In the Images of Yerevan

Nune Hakhverdyan

Art critic, journalist

Elections usually flood the city with a great number, extent, and amount of videos, mobile or fixed posters, and slogans, which, assuming the role of political advertising, turn the city into one big news outlet — with its colorful segments. 

With the help of this ‘news outlet,’ different political parties (one, greatly; the others, less so) inform residents of their visions and forthcoming achievements.

The upcoming May 5 Yerevan municipal election (which will determine the new mayor of Armenia’s capital city) provided an occasion to speak of visual messages being opportunistic or anachronistic — especially, since after the official start of the election campaign period, we were greeted with an onset of audio and visual goods, all for the citizen’s vote. 

We’ve already become used to the fact that the city’s external appearance sometimes tenderly but usually aggressively is subjected to an intervention — residents are bombarded with slogans, photos and videos that visualize some political actor’s notions of our future. 

The main emphasis, of course, is placed on decoration and ornamentation; that is, that which is superficial but at the same time noticeable.

Of course, those series of posters and videos sometimes seriously contradict reality and are accepted with internal resistance, but sometimes they quite clearly say that which you won’t find in the political actor’s official statements or programs.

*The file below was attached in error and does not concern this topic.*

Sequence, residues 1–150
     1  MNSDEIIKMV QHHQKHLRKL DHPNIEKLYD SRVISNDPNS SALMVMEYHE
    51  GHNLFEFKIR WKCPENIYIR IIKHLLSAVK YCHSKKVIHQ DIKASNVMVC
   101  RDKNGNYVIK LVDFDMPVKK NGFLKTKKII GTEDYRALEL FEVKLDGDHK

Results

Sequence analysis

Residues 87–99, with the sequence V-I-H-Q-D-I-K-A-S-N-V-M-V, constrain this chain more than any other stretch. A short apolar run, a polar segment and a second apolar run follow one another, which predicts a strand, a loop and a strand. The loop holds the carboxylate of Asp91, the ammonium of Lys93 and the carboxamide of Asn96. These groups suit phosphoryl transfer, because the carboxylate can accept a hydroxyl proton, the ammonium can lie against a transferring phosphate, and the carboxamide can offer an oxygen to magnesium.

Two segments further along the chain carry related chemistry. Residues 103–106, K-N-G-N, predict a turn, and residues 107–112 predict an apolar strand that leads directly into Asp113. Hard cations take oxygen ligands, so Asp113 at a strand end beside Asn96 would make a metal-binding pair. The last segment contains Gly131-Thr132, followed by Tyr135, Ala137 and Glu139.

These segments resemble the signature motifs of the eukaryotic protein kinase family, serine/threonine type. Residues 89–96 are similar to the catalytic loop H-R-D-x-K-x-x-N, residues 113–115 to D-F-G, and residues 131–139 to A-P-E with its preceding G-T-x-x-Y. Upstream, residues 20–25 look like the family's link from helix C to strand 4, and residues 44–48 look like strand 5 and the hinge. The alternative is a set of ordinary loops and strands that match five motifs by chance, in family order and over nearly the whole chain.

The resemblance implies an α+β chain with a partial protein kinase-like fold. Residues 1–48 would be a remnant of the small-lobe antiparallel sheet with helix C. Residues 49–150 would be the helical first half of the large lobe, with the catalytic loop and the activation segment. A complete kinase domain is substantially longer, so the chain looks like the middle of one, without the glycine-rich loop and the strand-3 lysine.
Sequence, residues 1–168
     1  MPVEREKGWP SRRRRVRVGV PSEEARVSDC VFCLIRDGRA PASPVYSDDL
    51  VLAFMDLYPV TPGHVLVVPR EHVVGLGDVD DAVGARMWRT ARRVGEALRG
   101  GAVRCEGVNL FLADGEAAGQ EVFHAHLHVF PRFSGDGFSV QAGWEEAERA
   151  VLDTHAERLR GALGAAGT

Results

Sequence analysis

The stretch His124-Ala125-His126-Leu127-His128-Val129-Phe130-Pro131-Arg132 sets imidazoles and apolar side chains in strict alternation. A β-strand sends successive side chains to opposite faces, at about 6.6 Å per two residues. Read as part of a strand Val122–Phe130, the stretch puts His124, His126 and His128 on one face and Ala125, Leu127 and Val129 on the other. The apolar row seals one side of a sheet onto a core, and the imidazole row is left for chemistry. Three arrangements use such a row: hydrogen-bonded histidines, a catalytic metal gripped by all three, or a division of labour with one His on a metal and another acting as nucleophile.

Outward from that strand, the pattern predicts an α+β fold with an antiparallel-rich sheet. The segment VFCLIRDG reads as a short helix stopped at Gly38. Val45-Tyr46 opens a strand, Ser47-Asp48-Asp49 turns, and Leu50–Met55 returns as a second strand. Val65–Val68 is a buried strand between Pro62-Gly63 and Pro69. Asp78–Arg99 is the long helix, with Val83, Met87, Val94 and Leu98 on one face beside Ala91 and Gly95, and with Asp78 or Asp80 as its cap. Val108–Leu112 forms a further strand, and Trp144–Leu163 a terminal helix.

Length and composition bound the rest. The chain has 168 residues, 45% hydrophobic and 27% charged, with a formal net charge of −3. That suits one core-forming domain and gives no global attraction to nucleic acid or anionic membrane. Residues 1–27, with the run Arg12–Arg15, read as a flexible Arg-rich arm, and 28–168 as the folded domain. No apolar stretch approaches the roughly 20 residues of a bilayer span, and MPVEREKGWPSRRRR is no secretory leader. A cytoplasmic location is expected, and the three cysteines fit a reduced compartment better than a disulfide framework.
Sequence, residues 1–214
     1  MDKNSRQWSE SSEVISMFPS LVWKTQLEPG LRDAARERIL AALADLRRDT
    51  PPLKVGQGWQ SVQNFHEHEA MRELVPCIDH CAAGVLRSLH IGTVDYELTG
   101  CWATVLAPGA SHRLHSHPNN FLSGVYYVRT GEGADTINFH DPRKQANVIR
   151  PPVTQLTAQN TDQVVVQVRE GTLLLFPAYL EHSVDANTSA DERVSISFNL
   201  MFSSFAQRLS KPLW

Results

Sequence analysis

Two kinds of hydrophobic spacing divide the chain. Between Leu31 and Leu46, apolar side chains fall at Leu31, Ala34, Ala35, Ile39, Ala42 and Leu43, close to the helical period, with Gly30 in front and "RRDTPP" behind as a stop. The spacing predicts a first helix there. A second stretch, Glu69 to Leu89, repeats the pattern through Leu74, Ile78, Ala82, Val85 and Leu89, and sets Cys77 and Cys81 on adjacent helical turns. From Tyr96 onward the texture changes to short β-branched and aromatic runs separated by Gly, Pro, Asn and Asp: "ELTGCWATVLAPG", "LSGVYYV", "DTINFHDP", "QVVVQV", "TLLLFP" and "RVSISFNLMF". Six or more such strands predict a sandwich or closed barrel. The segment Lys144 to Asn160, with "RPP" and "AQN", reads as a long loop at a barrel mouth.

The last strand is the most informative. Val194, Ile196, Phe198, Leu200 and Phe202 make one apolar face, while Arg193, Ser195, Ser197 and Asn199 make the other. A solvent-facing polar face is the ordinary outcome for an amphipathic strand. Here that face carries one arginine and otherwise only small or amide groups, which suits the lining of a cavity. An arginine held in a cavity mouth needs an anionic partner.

This was the case this year as well: there was practically no difference in Yerevan’s real (shaped as a result of daily use) and invented (dreamed, expected, utopian) images during these elections. 

In the ruling Republican Party of Armenia party’s video, we see the same city that exists in reality today. That is to say, a city where there’s nothing to film apart from artificial and staged performances, young women dancing with bunches of grapes or strolling with clay jugs, statues covered with facial powder, lifeless streets, and residents satisfied with very little, who are happy just to receive small floral bouquets from the statues. 


The video showed that it’s quite difficult to find signposts in Yerevan that are written in Armenian (English and Russian prevail in Yerevan today) and that prior to going for a stroll, one has to wish that the stroll goes well (otherwise, perhaps, it might not). 

The choice of photos, poster colors, and music videos, at first glance seemingly naive and not containing much information, actually says a lot about how the life of our city will be in the coming years. 

Perhaps it will be like a plastic white swan swimming among a sea of tulips. Or, it will become “everyone’s favorite and great house” for that political party, the leader of which prefers to walk on a red carpet. 


Yerevan will continue to talk about its thousand-year-old history, while actually consistently and rapidly eliminating the trace of even a half-century city (many of those from opposition political parties will use this fact). 

From the buildings, fences, and roofs of the Armenian capital, political party representatives pictured solo, in a duet, trio or even a quintet have already begun to smile at citizens, reducing Yerevan to a news outlet with augmented segments unrelated to one another. 

Not left out of this depiction are the outdoor pavilions in yards, which political parties (one, greatly; the others, less so) have bestowed with party affiliation and colorful slogans. In the name of the citizen’s future. 

Nune Hakhverdyan

The views expressed in the column are those of the author's and do not necessarily reflect the views of Media.am.

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